|Baser, K. Husnu Can|
Submitted to: Journal of Agricultural and Food Chemistry
Publication Type: Peer Reviewed Journal
Publication Acceptance Date: 11/18/2008
Publication Date: 2/1/2009
Citation: Wedge, D.E., Klun, J.A., Tabanca, N., Demirci, B., Ozek, T., Baser, K., Liu, Z., Zhang, S., Cantrell, C.L., Zhang, J. 2009. Bioactivity-Guided Fractionation and GC/MS Fingerprinting of Angelica sinensis and Angelica archangelica Root Components for Antifungal and Mosquito Deterrent Activity. Journal of Agricultural and Food Chemistry. 57(2):464-470. Interpretive Summary: Plants used in Traditional Chinese Medicine (TCM) are commonly utilized directly or in dietary supplements throughout Asia. Angelica sinensis and A. archangelica have an important medicinal herb in China. Angelica sinensis has been used primarily as a general blood tonic and for gynecological disorders. Angelica. archangelica L. has been used in the treatment of gastric disorders. Phytochemically these species are very different and are often misidentified in the market and herbal shops and sold interchangeably and incorrectly. Therefore, we chose to investigate these two plants chemically and biologically in detail.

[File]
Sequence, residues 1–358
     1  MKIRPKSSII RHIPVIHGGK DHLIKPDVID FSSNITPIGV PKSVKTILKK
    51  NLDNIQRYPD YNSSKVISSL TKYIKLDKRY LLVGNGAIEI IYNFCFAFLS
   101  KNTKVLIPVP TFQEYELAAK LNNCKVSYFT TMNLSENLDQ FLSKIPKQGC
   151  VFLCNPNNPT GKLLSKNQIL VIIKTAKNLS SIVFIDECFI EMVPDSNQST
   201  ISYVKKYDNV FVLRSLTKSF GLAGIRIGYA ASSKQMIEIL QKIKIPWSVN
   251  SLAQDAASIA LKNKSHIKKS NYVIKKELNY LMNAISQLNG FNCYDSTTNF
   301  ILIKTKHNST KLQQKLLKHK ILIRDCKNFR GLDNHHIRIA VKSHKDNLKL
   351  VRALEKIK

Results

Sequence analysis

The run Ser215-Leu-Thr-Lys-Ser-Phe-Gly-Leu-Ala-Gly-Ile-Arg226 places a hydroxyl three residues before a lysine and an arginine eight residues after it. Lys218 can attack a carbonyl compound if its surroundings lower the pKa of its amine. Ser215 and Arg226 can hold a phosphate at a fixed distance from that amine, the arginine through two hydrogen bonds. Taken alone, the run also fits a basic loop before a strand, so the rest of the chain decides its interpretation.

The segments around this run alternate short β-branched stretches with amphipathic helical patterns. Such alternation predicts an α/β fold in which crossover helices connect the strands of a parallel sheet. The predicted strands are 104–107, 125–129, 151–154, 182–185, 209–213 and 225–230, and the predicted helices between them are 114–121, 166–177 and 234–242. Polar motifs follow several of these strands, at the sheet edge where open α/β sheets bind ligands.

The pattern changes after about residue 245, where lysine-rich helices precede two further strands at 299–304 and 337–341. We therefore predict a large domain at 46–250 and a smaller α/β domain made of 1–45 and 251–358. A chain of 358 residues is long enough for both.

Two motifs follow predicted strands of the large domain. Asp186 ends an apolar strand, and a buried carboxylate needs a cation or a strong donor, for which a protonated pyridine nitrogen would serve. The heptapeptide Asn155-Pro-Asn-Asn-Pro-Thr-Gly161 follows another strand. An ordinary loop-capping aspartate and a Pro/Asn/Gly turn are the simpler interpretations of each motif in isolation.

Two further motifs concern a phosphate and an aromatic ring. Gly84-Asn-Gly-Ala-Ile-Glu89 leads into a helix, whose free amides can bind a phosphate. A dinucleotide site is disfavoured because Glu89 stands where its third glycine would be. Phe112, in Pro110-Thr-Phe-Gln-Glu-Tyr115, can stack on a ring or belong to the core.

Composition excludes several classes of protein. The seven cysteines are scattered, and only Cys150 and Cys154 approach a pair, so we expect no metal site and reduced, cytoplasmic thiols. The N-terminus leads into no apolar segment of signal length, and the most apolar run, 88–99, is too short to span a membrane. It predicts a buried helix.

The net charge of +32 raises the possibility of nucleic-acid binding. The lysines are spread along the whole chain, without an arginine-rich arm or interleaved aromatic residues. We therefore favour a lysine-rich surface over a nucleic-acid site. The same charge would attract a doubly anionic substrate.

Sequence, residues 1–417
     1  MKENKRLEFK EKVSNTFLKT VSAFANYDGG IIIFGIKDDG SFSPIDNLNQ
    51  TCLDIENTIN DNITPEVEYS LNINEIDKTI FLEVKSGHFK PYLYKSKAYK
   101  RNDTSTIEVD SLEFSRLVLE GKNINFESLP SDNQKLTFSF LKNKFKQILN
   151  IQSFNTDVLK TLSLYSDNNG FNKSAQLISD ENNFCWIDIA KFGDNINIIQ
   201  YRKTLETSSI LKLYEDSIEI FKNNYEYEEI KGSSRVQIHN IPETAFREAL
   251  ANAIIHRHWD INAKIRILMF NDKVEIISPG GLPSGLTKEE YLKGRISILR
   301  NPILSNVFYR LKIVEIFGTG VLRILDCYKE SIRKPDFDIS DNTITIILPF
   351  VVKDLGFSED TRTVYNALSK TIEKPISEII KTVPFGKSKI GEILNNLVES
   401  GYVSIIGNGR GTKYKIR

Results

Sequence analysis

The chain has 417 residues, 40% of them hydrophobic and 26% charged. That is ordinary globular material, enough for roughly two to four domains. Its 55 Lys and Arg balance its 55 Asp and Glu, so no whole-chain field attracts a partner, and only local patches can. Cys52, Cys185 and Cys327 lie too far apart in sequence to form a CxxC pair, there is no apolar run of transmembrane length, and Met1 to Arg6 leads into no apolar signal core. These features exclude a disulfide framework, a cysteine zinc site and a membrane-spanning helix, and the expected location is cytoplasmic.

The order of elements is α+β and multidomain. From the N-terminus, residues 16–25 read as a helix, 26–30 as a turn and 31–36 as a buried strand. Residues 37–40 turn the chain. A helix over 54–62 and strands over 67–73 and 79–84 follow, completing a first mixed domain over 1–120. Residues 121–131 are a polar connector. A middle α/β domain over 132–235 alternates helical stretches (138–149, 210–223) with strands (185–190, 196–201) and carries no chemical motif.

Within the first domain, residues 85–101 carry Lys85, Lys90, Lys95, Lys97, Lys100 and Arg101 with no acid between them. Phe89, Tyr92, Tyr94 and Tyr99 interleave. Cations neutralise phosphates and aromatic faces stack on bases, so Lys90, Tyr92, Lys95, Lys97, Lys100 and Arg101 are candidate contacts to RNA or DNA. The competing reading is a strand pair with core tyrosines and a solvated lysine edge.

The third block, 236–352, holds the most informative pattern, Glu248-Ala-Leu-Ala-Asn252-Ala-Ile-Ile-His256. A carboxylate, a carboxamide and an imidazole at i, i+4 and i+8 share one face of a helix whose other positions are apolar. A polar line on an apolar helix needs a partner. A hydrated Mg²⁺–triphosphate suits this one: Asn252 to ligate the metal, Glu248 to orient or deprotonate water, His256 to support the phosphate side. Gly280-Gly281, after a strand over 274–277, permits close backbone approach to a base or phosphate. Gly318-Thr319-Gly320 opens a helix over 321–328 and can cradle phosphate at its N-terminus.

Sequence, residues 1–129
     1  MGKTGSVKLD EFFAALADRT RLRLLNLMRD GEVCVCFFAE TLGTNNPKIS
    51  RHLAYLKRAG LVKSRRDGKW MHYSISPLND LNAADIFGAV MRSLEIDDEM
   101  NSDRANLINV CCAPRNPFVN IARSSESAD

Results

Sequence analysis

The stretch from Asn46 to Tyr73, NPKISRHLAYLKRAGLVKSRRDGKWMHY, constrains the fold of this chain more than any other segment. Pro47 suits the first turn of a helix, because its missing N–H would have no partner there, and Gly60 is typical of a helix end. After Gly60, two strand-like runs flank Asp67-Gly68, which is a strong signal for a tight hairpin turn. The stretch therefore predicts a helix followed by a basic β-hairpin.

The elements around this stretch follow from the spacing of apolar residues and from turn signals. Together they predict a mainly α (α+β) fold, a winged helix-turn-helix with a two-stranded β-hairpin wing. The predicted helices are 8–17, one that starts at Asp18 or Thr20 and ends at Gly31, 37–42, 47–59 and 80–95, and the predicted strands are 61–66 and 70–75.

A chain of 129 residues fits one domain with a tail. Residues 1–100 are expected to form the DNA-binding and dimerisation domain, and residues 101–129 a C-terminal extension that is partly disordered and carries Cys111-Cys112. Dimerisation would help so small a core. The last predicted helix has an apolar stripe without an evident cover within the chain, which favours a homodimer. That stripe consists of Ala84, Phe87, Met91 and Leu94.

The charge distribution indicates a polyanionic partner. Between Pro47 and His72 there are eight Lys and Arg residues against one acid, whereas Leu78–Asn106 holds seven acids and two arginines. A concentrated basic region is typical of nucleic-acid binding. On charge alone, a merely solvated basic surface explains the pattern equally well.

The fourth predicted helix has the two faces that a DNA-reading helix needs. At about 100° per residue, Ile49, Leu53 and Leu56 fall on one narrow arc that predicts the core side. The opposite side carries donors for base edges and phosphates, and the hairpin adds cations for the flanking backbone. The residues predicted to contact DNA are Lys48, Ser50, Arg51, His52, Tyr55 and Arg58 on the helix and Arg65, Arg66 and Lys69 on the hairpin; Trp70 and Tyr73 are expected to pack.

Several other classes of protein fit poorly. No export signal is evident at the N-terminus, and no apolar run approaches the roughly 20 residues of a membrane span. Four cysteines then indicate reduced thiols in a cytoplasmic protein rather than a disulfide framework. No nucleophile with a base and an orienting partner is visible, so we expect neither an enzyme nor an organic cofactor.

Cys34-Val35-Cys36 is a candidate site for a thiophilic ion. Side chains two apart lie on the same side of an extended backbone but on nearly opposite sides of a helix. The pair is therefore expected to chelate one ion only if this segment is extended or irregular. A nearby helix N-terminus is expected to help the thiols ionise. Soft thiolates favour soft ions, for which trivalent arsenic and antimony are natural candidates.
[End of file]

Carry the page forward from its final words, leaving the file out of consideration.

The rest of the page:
Technical Abstract: Angelica sinensis and A. archangelica belong to the Umbelliferae and both are used in traditional Chinese medicine to treat gynecological and intestinal disorders. In this study, oils from three different A. sinensis collections and one A. archangelica root were analyzed by GC and GC/MS. The dominant component was (Z)-ligustilide (61-69%) for three A. sinensis collections. Other two prominent compounds in A sinensis were (E)-3-butylidene phthalide (5.7- 9.8%) and (Z)-3-butylidene phthalide (1.5- 2.3%). The largest part of the A. archangelica oil was comprised of monoterpene hydrocarbons such as alpha-pinene (24.5%), delta-3-carene (13.8%), beta-phellandrene (10.1%), p-cymene (8.8%), limonene (8.4%) and sabinene (6.3%). Phthalides and monoterpene hydrocarbons were determined to be good systematic markers or chemical fingerprints for A. sinensis and A. archangelica root oils. A non-polar antifungal compound was isolated from active chloroform fraction by bioassay-guided fractionation using the Colletotrichum direct-bioautography assay. (Z)-ligustilide was subsequently identified as the active compound by GC/MS, 1H, and 13C-NMR spectroscopy. (Z)-Ligustilide showed moderate antifungal activity against anthracnose causing three Colletotrichum species. (Z)-Ligustilide deterred the biting of two mosquito species more effectively than Deet.